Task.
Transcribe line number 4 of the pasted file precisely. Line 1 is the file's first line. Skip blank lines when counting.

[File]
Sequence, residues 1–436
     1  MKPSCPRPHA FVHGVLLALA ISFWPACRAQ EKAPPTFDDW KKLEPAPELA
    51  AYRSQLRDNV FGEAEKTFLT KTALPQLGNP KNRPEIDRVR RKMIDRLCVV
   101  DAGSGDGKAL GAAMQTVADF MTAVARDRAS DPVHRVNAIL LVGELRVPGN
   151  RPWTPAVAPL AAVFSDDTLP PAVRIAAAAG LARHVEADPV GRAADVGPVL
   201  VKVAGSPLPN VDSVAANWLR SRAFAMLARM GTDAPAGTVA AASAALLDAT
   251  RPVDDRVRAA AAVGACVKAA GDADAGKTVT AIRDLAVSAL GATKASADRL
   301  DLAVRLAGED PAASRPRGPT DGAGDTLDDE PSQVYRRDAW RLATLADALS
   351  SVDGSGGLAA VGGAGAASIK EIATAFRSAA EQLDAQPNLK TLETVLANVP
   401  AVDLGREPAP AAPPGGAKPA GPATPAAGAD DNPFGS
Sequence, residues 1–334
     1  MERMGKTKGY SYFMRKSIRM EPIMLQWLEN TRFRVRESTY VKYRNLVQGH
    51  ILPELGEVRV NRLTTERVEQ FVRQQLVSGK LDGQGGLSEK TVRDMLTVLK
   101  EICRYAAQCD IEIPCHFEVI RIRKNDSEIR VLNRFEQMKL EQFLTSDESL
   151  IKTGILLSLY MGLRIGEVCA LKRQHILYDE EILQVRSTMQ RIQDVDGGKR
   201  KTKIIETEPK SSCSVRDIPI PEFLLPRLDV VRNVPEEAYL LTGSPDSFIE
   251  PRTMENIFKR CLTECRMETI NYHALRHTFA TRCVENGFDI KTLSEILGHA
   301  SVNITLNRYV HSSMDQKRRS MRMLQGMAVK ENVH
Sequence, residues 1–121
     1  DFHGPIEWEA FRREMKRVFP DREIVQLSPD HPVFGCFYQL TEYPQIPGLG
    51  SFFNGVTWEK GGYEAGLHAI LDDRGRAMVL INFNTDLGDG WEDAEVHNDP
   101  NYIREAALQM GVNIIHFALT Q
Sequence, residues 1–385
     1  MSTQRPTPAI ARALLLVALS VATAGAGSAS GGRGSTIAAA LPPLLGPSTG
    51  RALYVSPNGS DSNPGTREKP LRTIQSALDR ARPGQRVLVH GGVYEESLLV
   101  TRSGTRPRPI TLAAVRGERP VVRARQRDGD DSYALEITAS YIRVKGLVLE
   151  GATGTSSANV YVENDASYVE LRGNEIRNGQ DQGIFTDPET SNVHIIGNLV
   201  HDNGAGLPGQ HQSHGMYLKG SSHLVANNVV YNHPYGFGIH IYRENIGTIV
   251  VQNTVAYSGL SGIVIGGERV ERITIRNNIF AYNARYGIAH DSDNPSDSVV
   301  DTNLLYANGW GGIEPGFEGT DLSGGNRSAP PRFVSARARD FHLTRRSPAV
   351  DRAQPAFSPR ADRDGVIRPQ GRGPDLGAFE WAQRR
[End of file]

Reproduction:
   101  DAGSGDGKAL GAAMQTVADF MTAVARDRAS DPVHRVNAIL LVGELRVPGN